US stock futures eke out gains as investors keep an eye on data, bonds

Traders work on the floor of the New York Stock Exchange (NYSE) in New York, U.S.
Michael Nagle | Bloomberg | Getty Images
Traders work on the floor of the New York Stock Exchange (NYSE) in New York, U.S.

U.S. stock index futures edged slightly higher ahead of the open on Thursday, as investors took note of the mixed sentiment in markets overseas.

Dow Jones industrial average futures rose 35 points, while S&P 500 and Nasdaq 100 futures gained 4.25 points and 12.25 points, respectively.

In the previous trading day, the S&P 500 and Nasdaq snapped a six-day winning streak, both closing lower as investors fretted over the possibility of China halting its Treasury bond purchases, and the U.S.' future involvement in NAFTA.

On Thursday, markets worldwide continue to pull back somewhat from recent highs.

Concerns have also been emanating for the bond markets as the benchmark 10-year U.S. Treasury yield rose to its highest level since March on Tuesday.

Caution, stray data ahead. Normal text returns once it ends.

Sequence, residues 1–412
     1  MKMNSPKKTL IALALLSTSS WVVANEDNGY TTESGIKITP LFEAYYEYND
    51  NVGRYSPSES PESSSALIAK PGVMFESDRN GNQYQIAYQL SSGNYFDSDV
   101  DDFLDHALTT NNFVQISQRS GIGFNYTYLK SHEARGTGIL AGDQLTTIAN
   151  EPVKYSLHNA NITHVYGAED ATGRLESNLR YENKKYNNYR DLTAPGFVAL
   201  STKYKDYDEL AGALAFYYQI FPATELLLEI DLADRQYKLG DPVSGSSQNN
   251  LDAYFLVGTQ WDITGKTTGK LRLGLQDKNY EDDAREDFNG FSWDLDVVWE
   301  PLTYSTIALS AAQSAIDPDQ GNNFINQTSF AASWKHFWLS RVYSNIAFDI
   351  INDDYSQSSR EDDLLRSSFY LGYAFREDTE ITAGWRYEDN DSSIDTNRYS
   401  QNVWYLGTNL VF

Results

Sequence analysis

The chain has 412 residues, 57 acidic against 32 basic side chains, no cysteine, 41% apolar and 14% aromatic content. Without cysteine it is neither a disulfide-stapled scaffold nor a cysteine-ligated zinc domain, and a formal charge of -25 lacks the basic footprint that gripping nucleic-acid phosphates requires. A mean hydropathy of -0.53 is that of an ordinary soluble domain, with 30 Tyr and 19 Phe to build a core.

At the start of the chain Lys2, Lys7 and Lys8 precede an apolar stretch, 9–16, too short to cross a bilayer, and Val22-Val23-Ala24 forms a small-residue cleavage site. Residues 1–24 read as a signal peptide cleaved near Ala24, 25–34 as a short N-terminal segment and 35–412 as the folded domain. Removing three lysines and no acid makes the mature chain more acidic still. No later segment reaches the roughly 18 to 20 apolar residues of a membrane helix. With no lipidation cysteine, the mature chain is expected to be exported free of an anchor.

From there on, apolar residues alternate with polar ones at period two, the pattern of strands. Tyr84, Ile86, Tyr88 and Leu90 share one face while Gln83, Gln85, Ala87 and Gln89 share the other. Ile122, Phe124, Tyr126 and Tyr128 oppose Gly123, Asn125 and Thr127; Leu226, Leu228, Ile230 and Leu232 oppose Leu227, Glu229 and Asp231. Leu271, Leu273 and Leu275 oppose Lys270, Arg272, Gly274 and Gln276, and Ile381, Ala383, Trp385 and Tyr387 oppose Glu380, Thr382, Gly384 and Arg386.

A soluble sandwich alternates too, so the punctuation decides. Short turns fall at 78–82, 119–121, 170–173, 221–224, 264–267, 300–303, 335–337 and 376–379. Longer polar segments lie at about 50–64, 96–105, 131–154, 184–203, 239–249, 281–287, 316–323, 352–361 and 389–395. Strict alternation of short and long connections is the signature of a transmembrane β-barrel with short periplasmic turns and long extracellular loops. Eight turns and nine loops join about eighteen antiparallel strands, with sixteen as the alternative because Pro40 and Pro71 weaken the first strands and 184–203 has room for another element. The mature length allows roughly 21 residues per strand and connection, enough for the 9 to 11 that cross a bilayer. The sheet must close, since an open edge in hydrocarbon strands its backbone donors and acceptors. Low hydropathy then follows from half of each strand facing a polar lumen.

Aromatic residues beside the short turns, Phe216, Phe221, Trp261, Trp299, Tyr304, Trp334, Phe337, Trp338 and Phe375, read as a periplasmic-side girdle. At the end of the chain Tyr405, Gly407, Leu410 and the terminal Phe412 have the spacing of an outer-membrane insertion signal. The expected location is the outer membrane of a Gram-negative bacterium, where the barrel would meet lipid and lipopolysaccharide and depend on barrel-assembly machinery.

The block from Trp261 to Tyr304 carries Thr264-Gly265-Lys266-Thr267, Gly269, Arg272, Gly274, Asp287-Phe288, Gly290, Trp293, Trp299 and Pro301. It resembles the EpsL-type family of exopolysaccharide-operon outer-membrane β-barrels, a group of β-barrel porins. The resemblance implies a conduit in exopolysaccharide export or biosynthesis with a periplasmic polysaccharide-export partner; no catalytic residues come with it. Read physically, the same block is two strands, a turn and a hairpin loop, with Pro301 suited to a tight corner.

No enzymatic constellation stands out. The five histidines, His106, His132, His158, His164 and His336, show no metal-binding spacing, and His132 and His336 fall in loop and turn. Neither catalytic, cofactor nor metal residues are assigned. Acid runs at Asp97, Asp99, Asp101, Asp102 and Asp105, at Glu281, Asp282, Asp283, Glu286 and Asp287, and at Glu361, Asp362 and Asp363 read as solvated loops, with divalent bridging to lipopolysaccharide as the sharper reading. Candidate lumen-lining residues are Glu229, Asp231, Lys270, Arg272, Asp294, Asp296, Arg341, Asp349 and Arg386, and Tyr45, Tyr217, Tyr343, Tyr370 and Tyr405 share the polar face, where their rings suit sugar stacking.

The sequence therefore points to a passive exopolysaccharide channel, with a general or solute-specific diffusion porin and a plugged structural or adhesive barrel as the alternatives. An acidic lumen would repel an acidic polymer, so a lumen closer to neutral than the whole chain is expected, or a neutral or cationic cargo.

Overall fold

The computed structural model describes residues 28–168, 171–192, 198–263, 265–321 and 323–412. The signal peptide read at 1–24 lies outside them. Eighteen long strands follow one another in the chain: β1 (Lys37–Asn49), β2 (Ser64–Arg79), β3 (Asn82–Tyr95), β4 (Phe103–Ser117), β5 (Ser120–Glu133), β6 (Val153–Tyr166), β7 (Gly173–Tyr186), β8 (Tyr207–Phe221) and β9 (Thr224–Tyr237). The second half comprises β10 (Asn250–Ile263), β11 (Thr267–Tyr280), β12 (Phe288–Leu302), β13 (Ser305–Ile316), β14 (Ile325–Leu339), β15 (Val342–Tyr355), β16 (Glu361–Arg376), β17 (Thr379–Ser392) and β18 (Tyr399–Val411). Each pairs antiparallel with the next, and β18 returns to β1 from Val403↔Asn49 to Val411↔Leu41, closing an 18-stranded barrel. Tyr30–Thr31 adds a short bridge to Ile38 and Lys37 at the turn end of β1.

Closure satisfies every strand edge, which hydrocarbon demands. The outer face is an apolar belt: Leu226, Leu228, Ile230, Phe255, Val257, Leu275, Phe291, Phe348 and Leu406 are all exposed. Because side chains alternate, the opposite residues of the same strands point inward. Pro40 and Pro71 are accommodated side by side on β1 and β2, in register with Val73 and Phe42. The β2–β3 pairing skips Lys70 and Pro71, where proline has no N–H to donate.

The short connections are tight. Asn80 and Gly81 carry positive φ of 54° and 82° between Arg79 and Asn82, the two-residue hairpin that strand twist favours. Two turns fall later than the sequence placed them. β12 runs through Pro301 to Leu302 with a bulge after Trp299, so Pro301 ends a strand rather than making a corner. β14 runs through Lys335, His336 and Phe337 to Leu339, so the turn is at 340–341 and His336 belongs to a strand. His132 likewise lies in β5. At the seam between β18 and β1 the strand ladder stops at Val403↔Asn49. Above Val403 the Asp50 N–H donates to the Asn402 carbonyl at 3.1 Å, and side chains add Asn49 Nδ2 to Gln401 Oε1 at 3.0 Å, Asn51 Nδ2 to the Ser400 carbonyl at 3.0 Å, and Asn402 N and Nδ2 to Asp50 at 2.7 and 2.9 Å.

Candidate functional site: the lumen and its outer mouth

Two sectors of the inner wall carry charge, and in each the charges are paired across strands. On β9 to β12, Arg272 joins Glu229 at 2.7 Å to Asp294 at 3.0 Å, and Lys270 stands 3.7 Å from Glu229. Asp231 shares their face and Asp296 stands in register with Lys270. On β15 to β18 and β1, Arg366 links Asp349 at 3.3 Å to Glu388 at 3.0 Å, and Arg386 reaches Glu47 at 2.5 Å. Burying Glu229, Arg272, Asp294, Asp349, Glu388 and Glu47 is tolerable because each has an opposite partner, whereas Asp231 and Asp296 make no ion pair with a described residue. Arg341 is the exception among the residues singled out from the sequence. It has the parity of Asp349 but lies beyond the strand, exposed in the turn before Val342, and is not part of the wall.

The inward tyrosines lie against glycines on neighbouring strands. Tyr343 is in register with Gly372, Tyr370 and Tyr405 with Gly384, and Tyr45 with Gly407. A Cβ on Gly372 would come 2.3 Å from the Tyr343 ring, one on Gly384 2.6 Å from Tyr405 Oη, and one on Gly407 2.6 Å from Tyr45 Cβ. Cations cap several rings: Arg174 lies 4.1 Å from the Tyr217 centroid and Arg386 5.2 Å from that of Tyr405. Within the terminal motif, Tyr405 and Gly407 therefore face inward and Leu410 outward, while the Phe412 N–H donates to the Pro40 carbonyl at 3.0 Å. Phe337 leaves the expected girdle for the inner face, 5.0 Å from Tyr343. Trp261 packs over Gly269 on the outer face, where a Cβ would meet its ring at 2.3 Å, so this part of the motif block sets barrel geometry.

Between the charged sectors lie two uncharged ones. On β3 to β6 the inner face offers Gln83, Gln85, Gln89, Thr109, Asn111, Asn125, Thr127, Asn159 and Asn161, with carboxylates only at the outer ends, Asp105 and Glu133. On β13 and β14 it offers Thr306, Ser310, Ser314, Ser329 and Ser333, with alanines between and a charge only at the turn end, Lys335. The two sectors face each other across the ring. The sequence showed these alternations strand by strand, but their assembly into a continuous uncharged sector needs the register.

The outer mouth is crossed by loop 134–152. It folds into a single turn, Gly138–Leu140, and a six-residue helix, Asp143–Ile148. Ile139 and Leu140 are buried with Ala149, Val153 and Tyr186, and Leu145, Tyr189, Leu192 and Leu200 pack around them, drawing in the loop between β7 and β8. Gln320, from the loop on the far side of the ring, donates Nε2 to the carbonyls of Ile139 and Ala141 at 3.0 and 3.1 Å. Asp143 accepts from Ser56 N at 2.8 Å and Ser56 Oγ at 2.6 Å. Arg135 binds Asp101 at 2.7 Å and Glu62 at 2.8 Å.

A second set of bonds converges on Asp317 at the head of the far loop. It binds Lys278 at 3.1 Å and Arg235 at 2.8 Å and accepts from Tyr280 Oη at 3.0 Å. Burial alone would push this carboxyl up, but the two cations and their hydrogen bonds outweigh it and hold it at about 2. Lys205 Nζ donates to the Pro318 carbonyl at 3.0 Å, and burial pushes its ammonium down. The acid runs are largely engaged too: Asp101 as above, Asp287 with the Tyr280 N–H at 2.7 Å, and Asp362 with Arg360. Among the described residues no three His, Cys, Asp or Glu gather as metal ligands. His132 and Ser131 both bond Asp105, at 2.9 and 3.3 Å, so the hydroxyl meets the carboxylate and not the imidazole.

On Wednesday, Bloomberg News reported, citing people familiar with the matter, that officials in Beijing had recommended that China's government lowers — or even potentially ceases — its buying of U.S. sovereign debt.

However, on Thursday, China's currency regulator said the country was diversifying its foreign exchange reserves while dismissing the media report on U.S. bonds, according to Reuters.

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As the bond markets continue to weigh on sentiment, investors will be looking to upcoming data releases for any clues as to how the U.S. economy is performing.

First off, jobless claims are due out at 8:30 a.m. ET, along with producer price index (PPI) data. The Monthly Treasury Statement is then expected to come out at 2 p.m. ET.

On the U.S. central bank front, New York Fed President William Dudley is expected to appear at SIFMA's "U.S. economic outlook: What's in store for 2018" event in New York.

—CNBC's Fred Imbert contributed to this report